Grandparents can perform an essential function in supporting parents with children. But, in a relationship breakdown, what if a parent stops a grandparent from seeing their grandchild?
As a grandparent you do not have an automatic right to see your grandchildren. One way of trying to resolve matters is to mediate. Family mediation is a process in which those involved in family breakdown, whether or not they are a couple or other family members, appoint an impartial third person to assist them to communicate better with one another and reach their own agreed and informed decisions concerning some, or all, of the issues relating to separation, divorce, children, finance or property by negotiation.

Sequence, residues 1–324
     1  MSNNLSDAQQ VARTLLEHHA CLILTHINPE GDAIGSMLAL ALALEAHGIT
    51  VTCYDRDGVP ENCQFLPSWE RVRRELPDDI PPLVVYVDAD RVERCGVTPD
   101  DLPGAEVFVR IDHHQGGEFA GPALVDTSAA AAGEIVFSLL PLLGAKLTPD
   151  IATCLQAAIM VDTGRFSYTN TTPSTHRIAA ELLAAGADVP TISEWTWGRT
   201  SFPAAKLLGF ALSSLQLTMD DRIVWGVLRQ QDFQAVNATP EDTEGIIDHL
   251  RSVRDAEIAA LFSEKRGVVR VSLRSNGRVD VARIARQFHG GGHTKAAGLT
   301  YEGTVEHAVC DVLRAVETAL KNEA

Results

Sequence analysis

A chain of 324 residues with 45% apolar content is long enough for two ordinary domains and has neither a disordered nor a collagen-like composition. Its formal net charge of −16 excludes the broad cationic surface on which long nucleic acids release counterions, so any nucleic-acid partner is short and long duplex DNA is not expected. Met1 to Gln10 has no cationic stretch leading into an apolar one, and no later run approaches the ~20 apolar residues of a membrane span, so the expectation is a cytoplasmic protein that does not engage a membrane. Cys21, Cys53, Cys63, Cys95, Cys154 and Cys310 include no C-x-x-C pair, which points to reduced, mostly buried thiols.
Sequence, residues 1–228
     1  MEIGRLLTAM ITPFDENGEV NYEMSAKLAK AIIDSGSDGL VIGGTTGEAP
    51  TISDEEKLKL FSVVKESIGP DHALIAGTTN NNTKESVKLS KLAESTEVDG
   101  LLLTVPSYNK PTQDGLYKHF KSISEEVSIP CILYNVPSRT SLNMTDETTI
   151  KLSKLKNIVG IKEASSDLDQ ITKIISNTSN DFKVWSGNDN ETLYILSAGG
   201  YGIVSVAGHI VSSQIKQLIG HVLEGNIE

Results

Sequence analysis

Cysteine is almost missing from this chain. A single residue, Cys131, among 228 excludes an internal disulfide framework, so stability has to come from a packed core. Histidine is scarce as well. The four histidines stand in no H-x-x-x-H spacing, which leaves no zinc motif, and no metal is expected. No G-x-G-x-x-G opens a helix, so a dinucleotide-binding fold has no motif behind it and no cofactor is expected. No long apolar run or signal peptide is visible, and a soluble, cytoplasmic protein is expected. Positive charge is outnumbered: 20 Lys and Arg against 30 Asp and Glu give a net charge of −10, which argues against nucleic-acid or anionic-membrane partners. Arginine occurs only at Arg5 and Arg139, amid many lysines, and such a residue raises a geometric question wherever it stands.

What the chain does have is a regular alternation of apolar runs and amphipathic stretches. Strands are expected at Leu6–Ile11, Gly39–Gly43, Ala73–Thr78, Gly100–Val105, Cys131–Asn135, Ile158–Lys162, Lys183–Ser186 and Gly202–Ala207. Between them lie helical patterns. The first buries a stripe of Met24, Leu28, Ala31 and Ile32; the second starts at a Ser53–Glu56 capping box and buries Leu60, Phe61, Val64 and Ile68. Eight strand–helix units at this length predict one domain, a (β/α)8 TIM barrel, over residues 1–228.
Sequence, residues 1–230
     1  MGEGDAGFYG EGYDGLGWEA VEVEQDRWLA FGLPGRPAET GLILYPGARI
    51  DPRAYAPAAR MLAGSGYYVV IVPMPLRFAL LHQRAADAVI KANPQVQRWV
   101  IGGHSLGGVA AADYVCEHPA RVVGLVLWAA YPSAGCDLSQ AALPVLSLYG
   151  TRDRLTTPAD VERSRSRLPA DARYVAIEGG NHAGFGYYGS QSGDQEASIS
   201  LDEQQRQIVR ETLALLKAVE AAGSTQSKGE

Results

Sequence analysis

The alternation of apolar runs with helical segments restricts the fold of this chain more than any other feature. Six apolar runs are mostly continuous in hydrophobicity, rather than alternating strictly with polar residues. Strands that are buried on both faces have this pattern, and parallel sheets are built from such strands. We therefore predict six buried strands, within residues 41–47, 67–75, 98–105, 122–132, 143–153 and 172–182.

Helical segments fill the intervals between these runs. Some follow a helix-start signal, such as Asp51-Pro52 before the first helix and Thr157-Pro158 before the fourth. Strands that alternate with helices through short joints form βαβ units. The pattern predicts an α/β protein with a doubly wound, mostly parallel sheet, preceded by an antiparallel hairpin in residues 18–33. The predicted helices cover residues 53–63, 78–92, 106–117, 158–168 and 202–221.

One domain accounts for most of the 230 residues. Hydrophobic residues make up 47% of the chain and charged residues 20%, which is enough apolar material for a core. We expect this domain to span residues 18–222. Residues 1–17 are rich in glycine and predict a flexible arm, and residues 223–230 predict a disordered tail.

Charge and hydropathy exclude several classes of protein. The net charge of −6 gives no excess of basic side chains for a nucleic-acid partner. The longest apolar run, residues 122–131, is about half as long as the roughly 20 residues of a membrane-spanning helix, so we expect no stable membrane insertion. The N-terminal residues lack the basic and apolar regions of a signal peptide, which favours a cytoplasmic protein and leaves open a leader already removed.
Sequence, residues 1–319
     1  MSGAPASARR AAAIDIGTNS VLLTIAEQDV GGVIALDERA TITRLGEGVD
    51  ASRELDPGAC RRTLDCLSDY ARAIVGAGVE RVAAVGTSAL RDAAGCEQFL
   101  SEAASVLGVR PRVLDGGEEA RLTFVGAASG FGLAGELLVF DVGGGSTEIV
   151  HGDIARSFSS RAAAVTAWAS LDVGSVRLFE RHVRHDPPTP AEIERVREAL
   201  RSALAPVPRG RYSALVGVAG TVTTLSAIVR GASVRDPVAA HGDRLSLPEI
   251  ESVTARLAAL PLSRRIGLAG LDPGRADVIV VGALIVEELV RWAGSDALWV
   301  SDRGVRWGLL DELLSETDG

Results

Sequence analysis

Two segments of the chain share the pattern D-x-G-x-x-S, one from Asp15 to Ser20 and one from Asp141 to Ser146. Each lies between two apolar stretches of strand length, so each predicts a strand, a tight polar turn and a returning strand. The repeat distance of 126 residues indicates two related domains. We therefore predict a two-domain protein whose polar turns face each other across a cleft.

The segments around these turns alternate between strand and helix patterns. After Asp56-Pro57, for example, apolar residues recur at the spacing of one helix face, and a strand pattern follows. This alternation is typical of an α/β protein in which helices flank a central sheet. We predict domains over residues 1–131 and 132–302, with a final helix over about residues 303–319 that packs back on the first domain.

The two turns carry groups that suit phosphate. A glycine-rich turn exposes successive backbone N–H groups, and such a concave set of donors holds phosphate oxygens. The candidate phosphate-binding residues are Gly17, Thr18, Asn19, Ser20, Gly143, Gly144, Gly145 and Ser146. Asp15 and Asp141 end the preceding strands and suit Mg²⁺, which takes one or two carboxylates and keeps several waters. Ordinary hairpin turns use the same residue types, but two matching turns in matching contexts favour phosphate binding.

If mediation does not succeed and it comes to a grandparent making an application for a child arrangements order then they must first seek the leave, or permission, of the court. When considering whether leave should be given the following is taken into account:
(a) the nature of the proposed application for the section 8 order;
(b) the applicant’s connection with the child;
(c) any risk there might be of that proposed application disrupting the child’s life to such an extent that he would be harmed by it.
Providing that there is a relationship between the grandparent and the grandchild the leave application is likely to be granted. The court will then make a decision based on the child’s welfare being paramount with particular regard being had to the welfare checklist as it would for any application for a child arrangements order, see How does the court make orders over the children.